Let's play a game. It's called "You wake up, and you're Carol Bartz."

You find yourself running a company with nearly $3.5 billion in the bank, arrested development as a former growth stock, and a pesky perv of a stalker who's obsessed with possessing you -- for your search engine.

As Dr. Seuss would probably ask, "What would you do if Yahoo! (NASDAQ:YHOO) were you, too?"

I know what I would do. I'd go shopping. With $3.5 billion on my Yahooligan debit card, I wouldn't stop until I had acquired a collection of properties to provide the growth spark that just doesn't seem possible organically these days.

Oh, and I would go shopping sooner rather than later. If we actually are in the early stages of the market's bullish turnaround (and we may be, so stop snickering), sticker prices will only go up from here.

Yahoo! isn't the only hungry Web company with billions in the bank and a receding hare line. It's a hare in a tortoise's body, so it may as well break out of its shell.

The bucket list
I'm going to stick to publicly traded companies in loading up my shopping cart. It's not that Facebook or Twitter wouldn't look smashing on Yahoo!'s arm -- and make it cool again, the way bouncers let it get past the velvet rope when it snapped up Flickr a few years ago. However, absent a realistic market price, I'm going to stick with companies where Mr. Market has dictated what other companies are worth.

 Here are six companies that I think would fit in nicely with Yahoo! at the moment.



Enterprise Value

Internet Brands (NASDAQ:INET)


$221.9 million



$211.2 million

Bankrate (NASDAQ:RATE)


$465.0 million



$522.7 million



$199.6 million

Dice Holdings (NYSE:DHX)


$216.4 million

Source: Yahoo! Finance.

Add it up and you only need $1.7 billion to pull this off at today's prices. Naturally, most companies expect a reasonable premium in a buyout, but it clearly wouldn't be enough to break the bank at Yahoo!

Cheaper by the half dozen
What makes these six companies so compelling, beyond their reasonable price tags? Let's dive right in.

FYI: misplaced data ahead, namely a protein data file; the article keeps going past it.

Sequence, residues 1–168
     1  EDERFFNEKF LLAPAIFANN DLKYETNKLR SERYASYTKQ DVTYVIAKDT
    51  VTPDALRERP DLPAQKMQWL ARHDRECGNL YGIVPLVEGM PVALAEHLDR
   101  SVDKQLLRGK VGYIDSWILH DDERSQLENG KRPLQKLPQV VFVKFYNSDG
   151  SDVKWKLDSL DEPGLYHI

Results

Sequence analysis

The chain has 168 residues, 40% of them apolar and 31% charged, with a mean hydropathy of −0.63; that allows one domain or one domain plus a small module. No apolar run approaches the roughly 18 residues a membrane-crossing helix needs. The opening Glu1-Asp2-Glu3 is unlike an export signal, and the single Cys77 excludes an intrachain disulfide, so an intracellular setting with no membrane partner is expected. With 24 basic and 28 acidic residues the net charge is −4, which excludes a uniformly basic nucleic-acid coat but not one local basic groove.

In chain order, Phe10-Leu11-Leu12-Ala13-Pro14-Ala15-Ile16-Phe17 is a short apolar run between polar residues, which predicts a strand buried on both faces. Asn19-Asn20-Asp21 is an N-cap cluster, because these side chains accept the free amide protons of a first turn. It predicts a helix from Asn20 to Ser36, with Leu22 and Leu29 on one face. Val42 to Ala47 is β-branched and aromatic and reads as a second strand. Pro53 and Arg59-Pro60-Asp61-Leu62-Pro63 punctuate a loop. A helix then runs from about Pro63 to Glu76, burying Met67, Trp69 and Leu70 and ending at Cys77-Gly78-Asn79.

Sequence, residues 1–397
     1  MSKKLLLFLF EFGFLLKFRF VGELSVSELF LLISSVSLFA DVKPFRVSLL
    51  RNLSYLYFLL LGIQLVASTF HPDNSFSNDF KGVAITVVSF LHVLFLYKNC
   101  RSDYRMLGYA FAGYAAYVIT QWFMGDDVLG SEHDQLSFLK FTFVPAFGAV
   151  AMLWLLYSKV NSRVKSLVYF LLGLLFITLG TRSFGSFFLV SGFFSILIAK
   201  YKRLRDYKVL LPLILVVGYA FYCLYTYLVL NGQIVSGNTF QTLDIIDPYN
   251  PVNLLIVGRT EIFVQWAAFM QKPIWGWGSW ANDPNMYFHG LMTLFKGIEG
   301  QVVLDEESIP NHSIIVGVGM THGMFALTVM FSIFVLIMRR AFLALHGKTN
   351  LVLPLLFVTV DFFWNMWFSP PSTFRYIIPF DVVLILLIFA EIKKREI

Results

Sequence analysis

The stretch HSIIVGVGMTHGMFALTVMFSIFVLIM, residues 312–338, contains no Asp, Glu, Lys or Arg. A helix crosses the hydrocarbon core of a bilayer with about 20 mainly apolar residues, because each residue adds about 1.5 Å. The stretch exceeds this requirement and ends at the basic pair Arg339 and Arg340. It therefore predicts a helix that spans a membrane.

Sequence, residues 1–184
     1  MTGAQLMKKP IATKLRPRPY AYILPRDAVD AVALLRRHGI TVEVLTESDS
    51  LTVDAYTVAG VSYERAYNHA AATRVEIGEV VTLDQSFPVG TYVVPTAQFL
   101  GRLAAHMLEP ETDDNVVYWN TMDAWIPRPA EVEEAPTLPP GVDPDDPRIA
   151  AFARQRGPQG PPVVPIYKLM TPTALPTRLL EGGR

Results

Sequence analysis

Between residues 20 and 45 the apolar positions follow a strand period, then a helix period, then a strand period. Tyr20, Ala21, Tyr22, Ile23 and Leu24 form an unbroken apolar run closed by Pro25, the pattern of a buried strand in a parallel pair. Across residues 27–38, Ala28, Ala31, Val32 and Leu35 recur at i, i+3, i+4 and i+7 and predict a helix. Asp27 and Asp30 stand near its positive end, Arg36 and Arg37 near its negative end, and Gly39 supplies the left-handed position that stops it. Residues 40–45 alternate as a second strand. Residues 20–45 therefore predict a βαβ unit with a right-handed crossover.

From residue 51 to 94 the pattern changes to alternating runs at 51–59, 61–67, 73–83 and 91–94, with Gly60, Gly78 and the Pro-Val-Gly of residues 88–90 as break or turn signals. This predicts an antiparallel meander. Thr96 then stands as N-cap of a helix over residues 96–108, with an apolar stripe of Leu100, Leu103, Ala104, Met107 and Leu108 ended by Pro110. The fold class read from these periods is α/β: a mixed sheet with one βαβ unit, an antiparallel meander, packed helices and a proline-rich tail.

Internet Brands, The Knot, and Bankrate would all be moves to build up billable ad space for lucrative keywords. Whether we're talking about travel (Internet Brands), weddings (The Knot), or financial services (Bankrate), these are niche-specific sites that would be fertile soil for Yahoo!'s pay-per-click network, where sponsors bid on keywords.

As for IAC, don't let the $2.3 billion market cap throw you off. That includes a whopping $1.9 billion in cash, helping whittle down the actual capital outlay required to buy the company at current prices closer to half a billion. IAC owns several properties that would dovetail nicely with Yahoo! existing sites -- like Match.com and Chemistry.com for Yahoo!'s online dating personals -- but the star attraction here is Ask.com.

Ask.com is the country's fifth largest search engine. Yahoo! is currently sitting in second place. It's the largest search engine that can be reasonably bought by Yahoo!, and it would add nearly a nearly 4% slice of the search-engine market share to the company.

51job and Dice are ways to beef up Yahoo!'s HotJobs. Yes, Yahoo!'s job listing site is rumored to be on the block. Yahoo! has been doing a lot of cutting lately. However, between 51job in China and Dice's narrow specialties in areas like tech, security, and financial services, it would help make Yahoo! a bigger force. At a time when many newspapers are going out of business, Yahoo! would be nuts to leave the job listings arena.

Art of the Bartz
Adding may seem like an odd strategy when Yahoo! is subtracting. It's closing down smaller sites and laying off employees. However, winning over investors is going to require more than just shrewd cost-cutting. Sooner or later, Yahoo! is going to have to prove that it can be a growth stock again.

So how would you play it if you were Bartz? It's your turn now. Let me know in the comment box below.

The world according to Yahoo!:

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Longtime Fool contributor Rick Munarriz thinks that Microhoo will inevitably happen, so Yahoo! may as well go out kicking, screaming, and buying. He does not own shares in any of the stocks in this story. He is also part of the Rule Breakers newsletter research team, seeking out tomorrow's ultimate growth stocks a day early. The Fool has a disclosure policy.